Category: View Point


Throughout history, it has become apparent that women have been overlooked by society, whether they were considered the possession of their husbands and fathers, or being denied a voice in the society they are part of. In the 19th and early 20th centuries women sought to fight for the rights they deserve. This movement, also referred to as the first wave of feminism, mainly focused on the right to vote.  The second wave (1963- 1980’s) movement tackled the issue of patriarchal society. This phase was considered to include only middle income white women.

Sadik KedirApril 15, 2018


For a long time in the history of the world, discrimination has existed against black people. In recent years, the level of discrimination seemed to ratchet up in western countries. Politics in many western nations, especially the campaign and  election of Donald Trump to the US presidency, have seen a rise in racially charged rhetoric. Prejudiced speech, and controversial decisions seem to have unmasked the once-veiled racism present in nations that present themselves as tolerant and democratic.

Tsegaye Tegenu (PhD)March 15, 2018


The private sector in Ethiopia is positioned as a supplement to the state-owned economy. In the last 55 years, the share of the private sector in the gross domestic product (GDP) has remained low at an average of 12.5Pct. Currently, it stands at 20Pct. This means that the ability of the private sector to organize and push for regulatory reforms has been limited because of the top-down approach to development. In this article, I advocate for bottom-up, local, and endogenous approach to private sector development in order to increase the size of private sector, its organizational capacity, and its political and economic role.

Jan MischkeMarch 15, 2018


From London to Lagos, “affordable housing” has become an oxymoron. In most cities, rents and home prices have increased faster than incomes, and in urban areas with robust job markets, housing stocks have failed to keep pace with demand. Some 330 million urban households either live in substandard housing, or pay more for their housing than they can afford. If current trends are not reversed, that number could grow to 440 million by 2025.

Fikru TsegayeFikru TsegayeFebruary 1, 2018

Opportunity, Threat for Insurance?

No country in the world, however well protected, can consider itself immune from political violence. Terrorism is evolving fast as networks and cells continue to look at new methods to inflict damage and cause panic. Under the current circumstances, politically motivated attacks and civil unrest in Ethiopia keep threatening business organizations. As a result, companies look to insurance protection—primarily political risk and terrorism coverage—to manage the exposure. The current eruption of political violence in parts of Ethiopia and the adverse human and financial cost, coupled with the swelling tendency of threats, is pushing the risk into uncharted territory.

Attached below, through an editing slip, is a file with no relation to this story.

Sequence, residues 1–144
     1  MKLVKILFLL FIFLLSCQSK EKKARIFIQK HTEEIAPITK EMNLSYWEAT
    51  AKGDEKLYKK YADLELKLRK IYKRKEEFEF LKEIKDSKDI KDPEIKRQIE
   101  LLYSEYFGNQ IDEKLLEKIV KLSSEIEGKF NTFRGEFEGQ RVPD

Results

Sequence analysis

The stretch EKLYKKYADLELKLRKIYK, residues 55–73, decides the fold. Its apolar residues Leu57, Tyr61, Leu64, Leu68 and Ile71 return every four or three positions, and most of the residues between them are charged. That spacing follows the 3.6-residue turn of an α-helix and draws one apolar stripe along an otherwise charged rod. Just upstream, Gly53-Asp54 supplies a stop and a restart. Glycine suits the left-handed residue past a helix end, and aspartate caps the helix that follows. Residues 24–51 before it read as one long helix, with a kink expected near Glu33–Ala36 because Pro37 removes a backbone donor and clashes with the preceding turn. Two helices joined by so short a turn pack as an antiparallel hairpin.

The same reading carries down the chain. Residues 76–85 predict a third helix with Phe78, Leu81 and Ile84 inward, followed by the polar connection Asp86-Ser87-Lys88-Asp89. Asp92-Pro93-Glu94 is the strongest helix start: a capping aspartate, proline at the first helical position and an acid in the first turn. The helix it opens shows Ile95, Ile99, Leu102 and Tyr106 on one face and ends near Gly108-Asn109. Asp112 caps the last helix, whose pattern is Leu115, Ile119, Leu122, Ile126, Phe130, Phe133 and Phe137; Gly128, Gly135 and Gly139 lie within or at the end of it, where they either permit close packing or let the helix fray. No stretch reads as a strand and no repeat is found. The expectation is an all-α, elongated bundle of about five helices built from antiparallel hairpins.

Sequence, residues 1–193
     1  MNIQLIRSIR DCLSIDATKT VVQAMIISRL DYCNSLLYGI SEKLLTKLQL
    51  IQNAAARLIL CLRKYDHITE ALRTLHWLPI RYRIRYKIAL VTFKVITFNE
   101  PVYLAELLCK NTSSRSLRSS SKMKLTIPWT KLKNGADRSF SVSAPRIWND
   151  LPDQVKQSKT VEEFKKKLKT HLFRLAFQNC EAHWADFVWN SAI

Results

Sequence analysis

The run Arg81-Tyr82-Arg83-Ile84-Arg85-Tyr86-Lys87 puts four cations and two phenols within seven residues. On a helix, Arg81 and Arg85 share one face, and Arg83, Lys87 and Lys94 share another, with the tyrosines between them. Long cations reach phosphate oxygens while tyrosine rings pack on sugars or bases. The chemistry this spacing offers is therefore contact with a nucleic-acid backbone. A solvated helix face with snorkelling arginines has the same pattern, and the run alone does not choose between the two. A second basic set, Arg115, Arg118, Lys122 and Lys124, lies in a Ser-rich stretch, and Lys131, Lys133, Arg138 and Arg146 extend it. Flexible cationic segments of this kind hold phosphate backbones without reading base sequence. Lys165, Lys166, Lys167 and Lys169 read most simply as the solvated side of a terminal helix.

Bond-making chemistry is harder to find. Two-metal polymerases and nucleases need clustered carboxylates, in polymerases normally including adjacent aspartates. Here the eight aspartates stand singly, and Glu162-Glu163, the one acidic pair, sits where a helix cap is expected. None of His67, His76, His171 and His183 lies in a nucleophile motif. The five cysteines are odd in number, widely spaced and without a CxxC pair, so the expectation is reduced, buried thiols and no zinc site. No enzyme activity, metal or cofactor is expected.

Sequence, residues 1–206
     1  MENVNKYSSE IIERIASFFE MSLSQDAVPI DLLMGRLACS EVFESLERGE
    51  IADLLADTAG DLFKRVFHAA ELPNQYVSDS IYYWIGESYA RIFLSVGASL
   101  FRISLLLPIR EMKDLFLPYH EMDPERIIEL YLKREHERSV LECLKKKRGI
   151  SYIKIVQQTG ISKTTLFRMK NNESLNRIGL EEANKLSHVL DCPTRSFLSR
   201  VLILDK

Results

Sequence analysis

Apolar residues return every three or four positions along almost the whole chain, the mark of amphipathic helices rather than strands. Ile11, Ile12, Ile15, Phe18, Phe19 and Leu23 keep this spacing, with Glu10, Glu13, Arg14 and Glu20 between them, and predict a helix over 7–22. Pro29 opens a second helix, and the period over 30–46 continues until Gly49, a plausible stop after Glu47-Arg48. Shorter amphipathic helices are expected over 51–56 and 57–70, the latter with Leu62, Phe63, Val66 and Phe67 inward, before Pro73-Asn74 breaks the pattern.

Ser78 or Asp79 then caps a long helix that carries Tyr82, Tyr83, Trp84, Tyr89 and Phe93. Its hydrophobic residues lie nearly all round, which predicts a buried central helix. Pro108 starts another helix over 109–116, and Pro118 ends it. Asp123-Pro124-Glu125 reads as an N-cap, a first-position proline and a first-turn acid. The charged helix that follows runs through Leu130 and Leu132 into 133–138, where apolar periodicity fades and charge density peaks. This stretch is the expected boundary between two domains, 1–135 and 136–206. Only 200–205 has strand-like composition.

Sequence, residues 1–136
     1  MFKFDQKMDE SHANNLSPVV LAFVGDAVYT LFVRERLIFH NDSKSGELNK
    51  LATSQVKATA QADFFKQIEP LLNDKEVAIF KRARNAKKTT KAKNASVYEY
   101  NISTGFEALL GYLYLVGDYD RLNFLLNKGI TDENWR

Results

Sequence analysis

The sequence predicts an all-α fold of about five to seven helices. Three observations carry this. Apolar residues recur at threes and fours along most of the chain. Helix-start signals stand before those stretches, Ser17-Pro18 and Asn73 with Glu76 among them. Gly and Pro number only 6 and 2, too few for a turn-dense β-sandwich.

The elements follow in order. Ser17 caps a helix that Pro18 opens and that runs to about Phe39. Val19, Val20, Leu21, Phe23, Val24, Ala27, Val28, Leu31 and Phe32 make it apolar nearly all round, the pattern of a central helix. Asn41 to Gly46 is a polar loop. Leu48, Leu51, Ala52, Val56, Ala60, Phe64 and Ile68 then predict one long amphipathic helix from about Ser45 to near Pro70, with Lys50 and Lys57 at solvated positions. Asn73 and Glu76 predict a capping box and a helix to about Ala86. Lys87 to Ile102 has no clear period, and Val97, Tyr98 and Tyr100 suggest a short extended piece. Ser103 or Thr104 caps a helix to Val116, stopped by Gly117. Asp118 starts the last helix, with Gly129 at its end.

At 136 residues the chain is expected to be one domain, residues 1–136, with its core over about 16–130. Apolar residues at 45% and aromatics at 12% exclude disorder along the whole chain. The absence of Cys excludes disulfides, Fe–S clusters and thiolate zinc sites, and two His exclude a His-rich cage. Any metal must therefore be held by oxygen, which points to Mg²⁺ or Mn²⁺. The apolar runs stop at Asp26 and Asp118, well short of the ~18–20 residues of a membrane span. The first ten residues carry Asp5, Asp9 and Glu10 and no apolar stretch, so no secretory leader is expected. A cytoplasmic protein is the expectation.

Seifu AmbayeDecember 1, 2017


Since the early days of modern trade there has been anxiety about the future of local businesses.  It’s safe to assume that many Ethiopian companies haven’t experienced such a state of flux and uncertainty. Yet, as the economy positions itself to further integrate with the global economy and open its doors to more foreign investors, we must question the sustainability of continuing with the entrenched “business as usual” approach as a long-term option.

Tsegaye Tegenu (PhD)November 1, 2017


More over the last two decades, the role of the private sector in the Ethiopian economy has been a bone of contention among government officials, business people, experts and the general public.  While government officials stress that the private sector is the engine of the economy and there is enough room for businesses to thrive and grow, businesses and experts argue that the public led investment growth model is crowding out the private sector, making it almost irrelevant in the economy.

Manuel MunizNovember 1, 2017


Macroeconomic data from the world’s advanced economies can be mystifying when viewed in isolation. But when analyzed collectively, the data reveal a troubling truth: without changes to how wealth is generated and distributed, the political convulsions that have swept the world in recent years will only intensify.

Consider, for example, wages and employment. In the United States and many European countries, average salaries have stagnated, despite most economies having recovered from the 2008 financial crisis in terms of GDP and job growth.

Lynn F. de RothschildAugust 15, 2013


In 2012, the Pew Research Center found that 85pct of self-described middle-class adults in the United States believe that it is more difficult now than it was a decade ago for people like them to maintain their standard of living. The share of Americans who say that they are in the lower-middle or lower class has risen from a quarter of the adult population in 2008 to around a third today. And Pew’s research found that only 63pct of those surveyed believe that hard work leads to success, down from 74pct in 1999.

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